Unconstitutional and Violations of Human Rights

Although the death penalty has been in practice in the United States since 1608, it is a violation of human rights and should be abolished because it has failed to control capital crimes over the years. According to the study by Ramadhan (2018), the death penalty should be abolished because it is a violation of the right to life, gross scorn to human dignity. The main argument behind some countries, such as the US, practicing the death penalty is to prevent potential criminals from engaging in capital crimes. Nevertheless, this has not been effective because there are numerous murder cases in the states that have enforced the death penalty. Most Americans have the perception that capital punishment is cruel hence unconstitutional.

The debate concerning whether capital punishment is a cruel practice has been existent for centuries. The eighth amendment of the US constitution affirms that “Excessive bail shall not be required, nor excessive fines imposed, nor cruel and unusual punishments inflicted” (Wagner, 2018, p. 559). In 1972, the Supreme Court, in a ruling, affirmed that the implementation of the death penalty was unconstitutional. Nevertheless, the court made some clarifications in a later case, which reinstated capital punishment under certain circumstances. The US is a country that values democratic principles and should be at the forefront in pushing for the protection of the right to life. In line with the findings by Monk (2019), the black community in the US consider capital punishment to be a strategy that is being exploited by the whites to violate their rights. Statistics reveal that a high proportion of the individuals who have been sentenced to death are from the African American community.


The death penalty leads to the termination of the life of a person, dependent on the severity of the crimes that they have committed. Capital punishment legalizes an unalterable practice of cruelty by the state and disregards the possibility of exoneration after a later likely appeal (Anderson et al., 2017). It should be abolished and replaced with other more humane measures such as life imprisonment or lengthy jail terms. The death penalty has been costly, thus resulting in the unnecessary wastage of public funds. The likelihood of the extermination of the innocent has been a crucial principle for the abolishment of capital punishment. It cruel, unconstitutional, and a violation of human rights; hence should be abolished because it has failed to eradicate capital crimes over the years.


Capital punishment infringes the reformative theory and should not be implemented under criminal law. In various studies, psychologists and criminologists affirm that the death penalty should not be employed as an approach to prevent people from committing capital offenses (Devadharshini & Kannappan, 2018). People commit criminal activities when their sensitive triggers are activated, and the implementation of the death penalty is an unsuccessful means of preventing people from committing capital offenses. Capital punishment is not only a violation of human rights but is also unethical and unconstitutional (Lambert et al., 2018). Human rights activists should spread the awareness that no person has the authority to kill another for whatever reason. Human life is sacred and only deity has the power to take it unquestionably. Therefore, the application of the death penalty underrates the religious ideologies that safeguard people’s lives. The US is a Christian nation, and many countries across the globe are found on religious principles. Therefore, undermining such core philosophies by legalizing the death penalty is ironic.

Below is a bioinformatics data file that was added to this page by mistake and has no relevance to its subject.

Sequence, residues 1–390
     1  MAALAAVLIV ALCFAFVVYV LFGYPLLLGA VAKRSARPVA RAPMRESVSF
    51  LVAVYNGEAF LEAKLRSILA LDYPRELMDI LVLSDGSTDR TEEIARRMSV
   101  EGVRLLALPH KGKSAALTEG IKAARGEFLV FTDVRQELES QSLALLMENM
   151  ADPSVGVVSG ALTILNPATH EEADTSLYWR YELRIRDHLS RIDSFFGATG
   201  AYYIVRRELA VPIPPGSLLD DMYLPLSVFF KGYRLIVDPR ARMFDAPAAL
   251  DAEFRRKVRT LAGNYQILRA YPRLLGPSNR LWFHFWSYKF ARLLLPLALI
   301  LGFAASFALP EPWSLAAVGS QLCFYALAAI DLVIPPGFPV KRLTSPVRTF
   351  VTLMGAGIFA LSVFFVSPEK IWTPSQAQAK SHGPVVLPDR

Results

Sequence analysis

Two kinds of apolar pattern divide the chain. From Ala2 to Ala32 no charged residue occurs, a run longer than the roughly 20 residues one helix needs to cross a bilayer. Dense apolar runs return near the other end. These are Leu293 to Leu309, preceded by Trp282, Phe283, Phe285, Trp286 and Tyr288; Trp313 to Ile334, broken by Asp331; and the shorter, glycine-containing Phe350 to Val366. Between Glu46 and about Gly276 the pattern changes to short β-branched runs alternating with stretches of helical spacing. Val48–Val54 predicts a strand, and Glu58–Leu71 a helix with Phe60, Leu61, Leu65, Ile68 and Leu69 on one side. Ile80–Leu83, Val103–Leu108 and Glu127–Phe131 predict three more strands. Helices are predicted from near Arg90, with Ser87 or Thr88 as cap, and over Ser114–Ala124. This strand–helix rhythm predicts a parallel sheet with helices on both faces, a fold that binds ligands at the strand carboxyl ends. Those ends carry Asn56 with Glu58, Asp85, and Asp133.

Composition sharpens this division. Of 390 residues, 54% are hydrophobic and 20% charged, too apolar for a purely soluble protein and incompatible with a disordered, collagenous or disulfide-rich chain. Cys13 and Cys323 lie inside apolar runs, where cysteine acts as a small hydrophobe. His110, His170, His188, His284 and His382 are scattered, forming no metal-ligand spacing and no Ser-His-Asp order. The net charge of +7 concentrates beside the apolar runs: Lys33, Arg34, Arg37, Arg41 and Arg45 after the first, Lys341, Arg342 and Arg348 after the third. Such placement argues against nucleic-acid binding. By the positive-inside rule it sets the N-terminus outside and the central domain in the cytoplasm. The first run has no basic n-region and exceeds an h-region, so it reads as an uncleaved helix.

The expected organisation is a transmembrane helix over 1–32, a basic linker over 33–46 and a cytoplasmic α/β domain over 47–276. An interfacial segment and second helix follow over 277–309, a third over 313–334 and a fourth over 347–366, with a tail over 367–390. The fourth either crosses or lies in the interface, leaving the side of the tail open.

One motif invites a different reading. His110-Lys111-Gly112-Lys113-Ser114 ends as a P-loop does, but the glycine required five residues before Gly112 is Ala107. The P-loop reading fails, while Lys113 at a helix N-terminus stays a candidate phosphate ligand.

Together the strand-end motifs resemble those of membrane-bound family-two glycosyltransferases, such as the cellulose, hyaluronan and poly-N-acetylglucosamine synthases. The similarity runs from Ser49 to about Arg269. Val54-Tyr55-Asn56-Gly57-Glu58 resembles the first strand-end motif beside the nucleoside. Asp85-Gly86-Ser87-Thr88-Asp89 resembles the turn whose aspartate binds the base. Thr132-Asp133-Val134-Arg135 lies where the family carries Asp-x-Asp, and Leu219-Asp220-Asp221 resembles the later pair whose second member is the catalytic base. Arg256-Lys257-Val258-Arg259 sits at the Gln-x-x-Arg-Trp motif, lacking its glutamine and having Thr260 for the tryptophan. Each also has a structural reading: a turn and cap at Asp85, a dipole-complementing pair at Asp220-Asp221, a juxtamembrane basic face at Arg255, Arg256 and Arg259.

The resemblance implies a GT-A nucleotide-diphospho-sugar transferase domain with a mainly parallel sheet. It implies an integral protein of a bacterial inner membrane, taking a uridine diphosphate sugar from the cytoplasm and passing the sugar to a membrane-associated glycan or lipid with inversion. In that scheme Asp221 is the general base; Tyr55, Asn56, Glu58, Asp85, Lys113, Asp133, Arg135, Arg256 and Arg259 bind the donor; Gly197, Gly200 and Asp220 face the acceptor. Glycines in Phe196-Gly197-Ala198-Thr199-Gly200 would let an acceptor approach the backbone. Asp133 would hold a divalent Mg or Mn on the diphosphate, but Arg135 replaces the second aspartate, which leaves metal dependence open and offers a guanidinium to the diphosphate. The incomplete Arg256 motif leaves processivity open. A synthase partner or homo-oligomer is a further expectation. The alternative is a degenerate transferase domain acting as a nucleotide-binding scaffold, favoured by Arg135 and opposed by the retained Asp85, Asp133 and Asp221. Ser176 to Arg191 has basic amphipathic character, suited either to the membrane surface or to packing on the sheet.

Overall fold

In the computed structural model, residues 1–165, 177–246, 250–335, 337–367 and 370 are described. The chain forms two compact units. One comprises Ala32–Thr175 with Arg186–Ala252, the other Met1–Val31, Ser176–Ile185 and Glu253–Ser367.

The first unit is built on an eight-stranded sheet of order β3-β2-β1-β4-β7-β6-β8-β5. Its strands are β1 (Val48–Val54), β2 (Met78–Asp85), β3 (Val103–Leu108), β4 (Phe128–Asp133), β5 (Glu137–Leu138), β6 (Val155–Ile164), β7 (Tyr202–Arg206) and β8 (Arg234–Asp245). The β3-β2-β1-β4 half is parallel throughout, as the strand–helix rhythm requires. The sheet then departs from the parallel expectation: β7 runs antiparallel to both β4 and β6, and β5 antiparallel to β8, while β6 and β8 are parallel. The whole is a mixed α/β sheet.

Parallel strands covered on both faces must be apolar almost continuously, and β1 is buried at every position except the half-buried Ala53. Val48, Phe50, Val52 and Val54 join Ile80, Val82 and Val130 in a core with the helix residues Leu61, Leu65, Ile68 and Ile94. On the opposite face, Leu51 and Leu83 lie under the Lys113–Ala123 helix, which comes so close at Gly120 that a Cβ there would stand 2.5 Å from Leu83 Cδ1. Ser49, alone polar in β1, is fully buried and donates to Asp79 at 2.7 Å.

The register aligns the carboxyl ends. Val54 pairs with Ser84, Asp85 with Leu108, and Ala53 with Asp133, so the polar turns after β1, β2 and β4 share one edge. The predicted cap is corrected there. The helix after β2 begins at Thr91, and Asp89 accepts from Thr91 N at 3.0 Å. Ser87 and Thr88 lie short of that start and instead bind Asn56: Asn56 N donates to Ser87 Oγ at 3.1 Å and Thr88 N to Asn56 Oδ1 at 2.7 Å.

Policy Changes

The reformative theory asserts that punishment should be inflicted on criminals for rectification of their behavior. Countries worldwide should abolish the death penalty policy and, instead, have life sentence or lengthy incarceration terms. Incarceration is more favorable for the reformation of criminals than capital punishment since it allows the repentance and correction of felons. The world is progressively moving toward abolishing the death penalty, and countries that are yet to do so should embrace life imprisonment as a substitute for capital punishment (van Ginneken et al., 2018). The US is one of the countries that are yet to abolish the death penalty, making the nation stand contrary to other democracies.

The emergence of new technologies, such as DNA profiling, plays a vital role in ensuring that people are not wrongly convicted. If timing and technologies had been different before the development of DNA testing, some of the people who were wrongly sentenced to death would have been acquitted. Some of the criminals who are sentenced to death are indeed guilty of the offense. However, a more in-depth look into their cases over time may disclose such concerns as discrimination and insufficient representation, which could prove that they did not obtain a fair trial (Wagner, 2018). Moreover, no person should have the right to take the life of another regardless of the extent of the crime.

Implementation and Implications